Chloé Delaitre is a half-Spanish half-French second year International Relations student at King’s College London. She is the current Editorial Assistant for IR Today. Her interests lie in international diplomacy, global politics, risk analysis and humanitarian intervention.
UN Resolution 1325
Twenty years ago, the UN Security Council unanimously adopted Resolution 1325 in efforts to integrate women in peace and security. The resolution specifically addressed how women and girls are disproportionately impacted by violent conflict in war and recognizes the critical role that women play in peacebuilding efforts, calling for their participation and inclusion in peacebuilding and decision-making processes at the local, national, and international levels. This was the first UN Security Council resolution to specifically mention the impact of conflict on women. Over the last 20 years, there has been some progress towards implementing the Resolution; the Women, Peace and Security (WPS) agenda emerged in the wake of UNSC 1325, and it was further institutionalized with the adoption of National Action Plans by countries, which serve to localize the implementation of Resolution 1325. As of 2020, 86 UN Member States have developed National Action Plans on Women, Peace and Security. Resolution 1325 has also served as a reference point for UN Member States in shaping the policies and programmes of a wide range of organizations that are working together to integrate gender-sensitive approaches to peace building and human security efforts. However, the progress since its adoption has been underwhelming.
Women still don’t have a seat at the table
Tangible change from the implementation of Resolution 1325 has yet to come, as progress has been slow and limited. Women continue to be excluded from peacebuilding processes; the Council on Foreign Relations notes that between 1992 and 2019, women constituted, on average, 13% of negotiators, 6% of mediators, and 6% of signatories in major peace processes around the world. The exclusion of women from peace tables is notable. Examples of this include the Dayton talks in 1995, in which Bosnian women were excluded from the negotiating teams even though during the conflict 40 women’s associations were active across ethnic lines. Furthermore, it was the women who were going to have to shoulder huge responsibilities during reconstruction post conflict. In Tajikistan there was one woman on a 26-person National Reconciliation Commission despite the fact that the war there left 25,000 widows to raise families and reconstruct communities. In Northern Ireland, women activists formed their own political party in 1996; the Northern Ireland Women’s Coalition, in order to gain sufficient votes to have two seats at the negotiating table that was to decide on the future of Northern Ireland.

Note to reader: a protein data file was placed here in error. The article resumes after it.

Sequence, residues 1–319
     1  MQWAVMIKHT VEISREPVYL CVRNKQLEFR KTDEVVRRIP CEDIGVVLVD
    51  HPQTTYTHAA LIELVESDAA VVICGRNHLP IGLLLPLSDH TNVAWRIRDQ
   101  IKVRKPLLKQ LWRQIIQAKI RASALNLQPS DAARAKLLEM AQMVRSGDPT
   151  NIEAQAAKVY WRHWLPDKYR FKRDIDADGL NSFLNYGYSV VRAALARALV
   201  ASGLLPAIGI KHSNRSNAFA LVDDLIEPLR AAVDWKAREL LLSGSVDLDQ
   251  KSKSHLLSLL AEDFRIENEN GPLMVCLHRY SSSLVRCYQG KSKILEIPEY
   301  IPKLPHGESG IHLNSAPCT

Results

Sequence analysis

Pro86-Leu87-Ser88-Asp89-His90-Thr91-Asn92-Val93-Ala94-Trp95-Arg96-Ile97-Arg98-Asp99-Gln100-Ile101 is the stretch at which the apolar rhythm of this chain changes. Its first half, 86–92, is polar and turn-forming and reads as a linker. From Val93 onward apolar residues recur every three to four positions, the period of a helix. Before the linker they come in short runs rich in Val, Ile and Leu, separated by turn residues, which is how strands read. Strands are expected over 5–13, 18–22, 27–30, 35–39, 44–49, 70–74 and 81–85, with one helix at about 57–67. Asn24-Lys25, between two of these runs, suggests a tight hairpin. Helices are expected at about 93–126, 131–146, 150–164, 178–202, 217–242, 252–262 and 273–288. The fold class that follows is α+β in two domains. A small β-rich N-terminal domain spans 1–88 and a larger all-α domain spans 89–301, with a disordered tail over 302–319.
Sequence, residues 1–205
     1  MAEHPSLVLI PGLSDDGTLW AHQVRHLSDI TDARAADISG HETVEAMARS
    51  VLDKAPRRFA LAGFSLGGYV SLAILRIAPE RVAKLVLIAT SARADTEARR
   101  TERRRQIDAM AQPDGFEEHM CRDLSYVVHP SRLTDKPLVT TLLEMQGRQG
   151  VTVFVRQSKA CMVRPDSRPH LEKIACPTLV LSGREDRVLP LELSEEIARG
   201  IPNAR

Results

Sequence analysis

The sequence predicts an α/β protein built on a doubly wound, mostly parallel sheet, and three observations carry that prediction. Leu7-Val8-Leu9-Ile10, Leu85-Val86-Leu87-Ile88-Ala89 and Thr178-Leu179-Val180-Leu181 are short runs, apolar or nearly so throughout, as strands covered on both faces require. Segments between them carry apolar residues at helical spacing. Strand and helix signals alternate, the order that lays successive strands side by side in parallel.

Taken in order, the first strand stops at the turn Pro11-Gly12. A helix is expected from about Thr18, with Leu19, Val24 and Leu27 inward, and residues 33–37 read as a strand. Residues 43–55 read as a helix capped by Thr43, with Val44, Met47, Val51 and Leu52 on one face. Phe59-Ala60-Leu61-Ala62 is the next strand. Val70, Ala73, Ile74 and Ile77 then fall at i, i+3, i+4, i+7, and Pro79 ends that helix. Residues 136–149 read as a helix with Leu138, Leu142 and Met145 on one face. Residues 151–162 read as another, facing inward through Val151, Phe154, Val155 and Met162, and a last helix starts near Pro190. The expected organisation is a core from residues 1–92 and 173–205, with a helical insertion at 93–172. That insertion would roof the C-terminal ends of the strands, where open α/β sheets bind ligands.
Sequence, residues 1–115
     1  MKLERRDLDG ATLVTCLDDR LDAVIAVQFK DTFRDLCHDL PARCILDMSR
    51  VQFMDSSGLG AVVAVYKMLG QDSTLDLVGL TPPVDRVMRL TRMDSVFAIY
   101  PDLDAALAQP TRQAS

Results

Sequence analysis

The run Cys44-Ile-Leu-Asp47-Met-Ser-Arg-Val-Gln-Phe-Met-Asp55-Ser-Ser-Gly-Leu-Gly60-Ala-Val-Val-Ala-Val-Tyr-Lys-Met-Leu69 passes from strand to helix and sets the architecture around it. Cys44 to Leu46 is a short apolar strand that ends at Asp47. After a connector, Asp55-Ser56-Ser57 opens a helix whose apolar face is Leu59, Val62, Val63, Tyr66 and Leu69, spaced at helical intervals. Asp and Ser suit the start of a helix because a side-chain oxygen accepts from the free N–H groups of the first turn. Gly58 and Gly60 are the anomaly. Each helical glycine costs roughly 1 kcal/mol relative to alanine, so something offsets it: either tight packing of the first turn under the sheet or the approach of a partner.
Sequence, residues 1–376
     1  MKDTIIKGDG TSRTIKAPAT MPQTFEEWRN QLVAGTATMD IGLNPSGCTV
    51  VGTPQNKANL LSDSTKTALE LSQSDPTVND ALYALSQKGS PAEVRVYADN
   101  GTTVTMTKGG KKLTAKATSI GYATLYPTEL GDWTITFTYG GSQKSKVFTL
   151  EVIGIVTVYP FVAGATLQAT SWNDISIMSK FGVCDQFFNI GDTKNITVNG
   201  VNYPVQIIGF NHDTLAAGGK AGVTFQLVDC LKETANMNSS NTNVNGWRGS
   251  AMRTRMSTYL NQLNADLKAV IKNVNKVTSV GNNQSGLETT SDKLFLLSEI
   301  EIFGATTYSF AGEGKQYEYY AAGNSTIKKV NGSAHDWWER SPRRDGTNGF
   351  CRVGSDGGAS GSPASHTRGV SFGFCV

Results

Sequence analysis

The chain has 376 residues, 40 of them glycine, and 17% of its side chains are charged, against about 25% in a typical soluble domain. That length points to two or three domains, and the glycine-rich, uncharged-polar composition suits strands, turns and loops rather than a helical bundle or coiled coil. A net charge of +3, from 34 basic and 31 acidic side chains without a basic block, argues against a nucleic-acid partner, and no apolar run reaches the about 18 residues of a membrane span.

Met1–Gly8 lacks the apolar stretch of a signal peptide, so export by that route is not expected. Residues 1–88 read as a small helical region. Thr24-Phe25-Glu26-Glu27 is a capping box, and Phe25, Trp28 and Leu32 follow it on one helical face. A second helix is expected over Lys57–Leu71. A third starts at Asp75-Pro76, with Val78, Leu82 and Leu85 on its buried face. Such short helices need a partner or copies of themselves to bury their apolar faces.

Why does this matter?
The lack of women in peacebuilding and peace processes is detrimental to peace accords and therefore to the security of the countries involved, as a weaker peace settlement leads to a higher propensity for future conflict. Indeed, study after study has shown that having women at the peace table results in better outcomes. Women’s inclusion leads to a more durable peace and a higher implementation of the peace agreement. Research from UN Women’s Global Study on the Implementation of United Nations Security Council resolution 1325 and the Council on Foreign Relations (CFR) ‘Women’s Participation in Peace Processes’ shows that women’s participation in peace agreements increases the likelihood of peace agreement lasting for two years by 20% and increases the likelihood of peace agreements lasting for 15 years by 35%. Additionally, the participation of civil society in peace agreements decreases the probability of the peace agreement failing by 64%. This is why, in October 2000, the UN Secretary-General Kofi Annan remarked to the Security Council that women have ‘’ (…) proved instrumental in building bridges rather than walls’’.